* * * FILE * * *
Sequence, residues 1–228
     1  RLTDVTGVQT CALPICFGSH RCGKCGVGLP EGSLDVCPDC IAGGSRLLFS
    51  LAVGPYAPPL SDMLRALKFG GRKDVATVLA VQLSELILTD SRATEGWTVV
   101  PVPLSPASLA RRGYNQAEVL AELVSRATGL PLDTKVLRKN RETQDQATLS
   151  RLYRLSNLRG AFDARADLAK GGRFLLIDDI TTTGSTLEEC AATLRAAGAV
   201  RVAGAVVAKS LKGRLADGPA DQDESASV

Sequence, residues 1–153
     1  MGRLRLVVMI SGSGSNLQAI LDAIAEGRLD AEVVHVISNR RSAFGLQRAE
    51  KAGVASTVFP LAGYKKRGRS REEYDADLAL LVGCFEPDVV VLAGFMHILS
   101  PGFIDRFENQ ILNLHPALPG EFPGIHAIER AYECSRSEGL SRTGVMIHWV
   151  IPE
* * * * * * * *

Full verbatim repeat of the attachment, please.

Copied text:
Sequence, residues 1–228
     1  RLTDVTGVQT CALPICFGSH RCGKCGVGLP EGSLDVCPDC IAGGSRLLFS
    51  LAVGPYAPPL SDMLRALKFG GRKDVATVLA VQLSELILTD SRATEGWTVV
   101  PVPLSPASLA RRGYNQAEVL AELVSRATGL PLDTKVLRKN RETQDQATLS
   151  RLYRLSNLRG AFDARADLAK GGRFLLIDDI TTTGSTLEEC AATLRAAGAV
   201  RVAGAVVAKS LKGRLADGPA DQDESASV

Sequence, residues 1–153
     1  MGRLRLVVMI SGSGSNLQAI LDAIAEGRLD AEVVHVISNR RSAFGLQRAE
    51  KAGVASTVFP LAGYKKRGRS REEYDADLAL LVGCFEPDVV VLAGFMHILS
   101  PGFIDRFENQ ILNLHPALPG EFPGIHAIER AYECSRSEGL SRTGVMIHWV
   151  IPE